In the wake of the listeria outbreak that continues to plague South Africa, it is imperative that manufacturers and wholesalers in the food and beverages industry ensure their factories and kitchens are effectively cleaned and sanitised.
According to a Times Live interview with the National Institute for Communicable Diseases’ Dr Juno Thomas: ‘The listeria bacteria is hard to test for, as it is not homogeneously distributed in food. It can also ‘hide away’ in cracks or niches in factories. Consumers who stored recalled products in their fridges should disinfect them.’
In conjunction with Dr Thomas’ advice, it is important to note that listeria can survive in the fridge even at two degrees Celsius. All fridges, counters, storage spaces, faucets, basins and floors should routinely be disinfected with effective cleaning products. ‘The bacteria could get stuck on pallets used to move foods. It could stick to the crates goods are packed in. It will survive just about anywhere,’ continues Dr Thomas. Therefore, especially in factories where raw materials and products are being moved from place to place, the importance of cleaning and disinfecting the entire factory before and after each occasion of shipping and handling of products becomes vital.
According to John J Coetzee, CEO at Green Worx Cleaning Solutions, within the duties of facilities management is ensuring the health and safety of employees and customers. ‘A healthy environment must be created, one that will not negatively impact on the long-term health of employees, clients or the environment.’
As is made evident by the ongoing listeria problem, the importance of properly sanitised facilities using is again being highlighted. ‘This is for the health and safety of not only the employees, but of customers consuming products that were housed within these facilities as well,’ adds Coetzee. ‘The answer is bio-friendly products. The problem is that many traditional chemical cleaning agents are still widely used across many facilities. These are often large facilities; the more chemicals used, the greater the exposure to harmful volatile organic compounds becomes. Additionally, many of these products and disinfectants are useless against listeria due to the biofilm.’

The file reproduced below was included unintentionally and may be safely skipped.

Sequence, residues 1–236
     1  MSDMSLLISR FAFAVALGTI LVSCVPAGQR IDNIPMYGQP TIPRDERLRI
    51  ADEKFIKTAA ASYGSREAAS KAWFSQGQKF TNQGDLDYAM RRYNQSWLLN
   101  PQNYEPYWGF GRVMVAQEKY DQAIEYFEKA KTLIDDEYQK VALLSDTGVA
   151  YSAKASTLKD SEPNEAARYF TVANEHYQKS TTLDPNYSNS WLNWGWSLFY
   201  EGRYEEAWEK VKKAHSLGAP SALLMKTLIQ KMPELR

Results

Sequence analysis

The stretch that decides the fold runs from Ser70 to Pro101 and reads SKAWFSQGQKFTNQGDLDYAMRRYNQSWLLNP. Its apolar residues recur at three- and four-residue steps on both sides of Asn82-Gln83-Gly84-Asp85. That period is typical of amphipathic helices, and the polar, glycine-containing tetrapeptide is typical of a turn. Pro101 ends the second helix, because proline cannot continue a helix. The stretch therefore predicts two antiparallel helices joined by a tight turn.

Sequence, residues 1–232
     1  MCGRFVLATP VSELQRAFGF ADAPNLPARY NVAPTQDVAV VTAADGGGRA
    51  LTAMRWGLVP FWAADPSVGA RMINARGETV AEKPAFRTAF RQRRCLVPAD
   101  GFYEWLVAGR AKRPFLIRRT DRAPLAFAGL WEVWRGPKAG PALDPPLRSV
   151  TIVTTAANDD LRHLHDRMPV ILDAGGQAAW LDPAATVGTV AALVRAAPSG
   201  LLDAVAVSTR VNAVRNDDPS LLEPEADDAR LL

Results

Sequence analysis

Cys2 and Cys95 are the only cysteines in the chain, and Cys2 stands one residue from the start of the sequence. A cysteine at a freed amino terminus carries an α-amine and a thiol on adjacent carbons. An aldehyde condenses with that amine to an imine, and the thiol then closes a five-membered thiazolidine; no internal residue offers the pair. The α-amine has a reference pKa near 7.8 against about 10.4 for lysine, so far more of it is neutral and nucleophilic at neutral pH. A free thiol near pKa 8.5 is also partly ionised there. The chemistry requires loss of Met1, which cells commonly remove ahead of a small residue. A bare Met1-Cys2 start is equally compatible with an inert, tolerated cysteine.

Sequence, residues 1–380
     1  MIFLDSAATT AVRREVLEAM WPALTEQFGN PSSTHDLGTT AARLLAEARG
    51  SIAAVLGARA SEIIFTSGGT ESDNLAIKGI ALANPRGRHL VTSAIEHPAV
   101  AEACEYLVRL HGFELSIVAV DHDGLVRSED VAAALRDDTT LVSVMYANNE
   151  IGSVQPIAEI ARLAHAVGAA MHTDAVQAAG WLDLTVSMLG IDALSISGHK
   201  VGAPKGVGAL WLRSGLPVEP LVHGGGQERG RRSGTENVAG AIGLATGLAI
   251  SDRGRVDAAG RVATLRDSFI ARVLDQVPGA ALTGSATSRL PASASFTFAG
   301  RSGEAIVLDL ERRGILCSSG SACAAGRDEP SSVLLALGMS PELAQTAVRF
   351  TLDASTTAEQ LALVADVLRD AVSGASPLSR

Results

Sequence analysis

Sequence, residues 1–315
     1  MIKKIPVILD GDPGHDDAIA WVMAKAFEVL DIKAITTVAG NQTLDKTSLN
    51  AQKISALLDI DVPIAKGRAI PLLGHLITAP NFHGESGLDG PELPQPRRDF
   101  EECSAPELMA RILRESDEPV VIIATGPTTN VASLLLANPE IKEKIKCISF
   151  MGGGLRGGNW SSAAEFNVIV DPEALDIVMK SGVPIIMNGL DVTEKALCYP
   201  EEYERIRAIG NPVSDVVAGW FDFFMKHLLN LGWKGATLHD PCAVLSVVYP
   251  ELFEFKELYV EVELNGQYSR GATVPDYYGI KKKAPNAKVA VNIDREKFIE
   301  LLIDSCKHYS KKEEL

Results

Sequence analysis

To ensure the effective cleaning and sanitising of kitchens, factories and storage facilities, green cleaning products are ideal. The accumulation of bacteria develops a biofilm, which is a protective matrix made up of organic polymers (EPS): polysaccharides and proteins. This biofilm renders most conventional, industrial cleaning products ineffective.
‘It is necessary to use an enzymatic cleaner that breaks down the biofilm’s organic matrix. Once the organic matrix has been broken down, the disinfectant properties eradicate the dangerous bacteria,’ confirms Coetzee. ‘The Directorate of Food Control has confirmed that Odorite Deep Clean Enzymatic is the only environmentally friendly product with SABS 1828 approval for use on hard surfaces in cleaning-in place (CIP) in food industries, in South Africa. Using these types of products plays a critical role in eliminating the listeria bacteria (while vastly improving health and safety compliance).’
It is also important to dispose of any products that may have been contaminated, as well as anything that was uncovered and housed or transported in/on the same containers, pallets or refrigerators. These products can be returned to suppliers but should not, under any circumstances be placed in regular bins for refuse disposal or fed to pets. ‘These products need to be incinerated to destroy the bacteria effectively. All affected areas must then be sanitised to prevent reinfection,’ concludes Coetzee.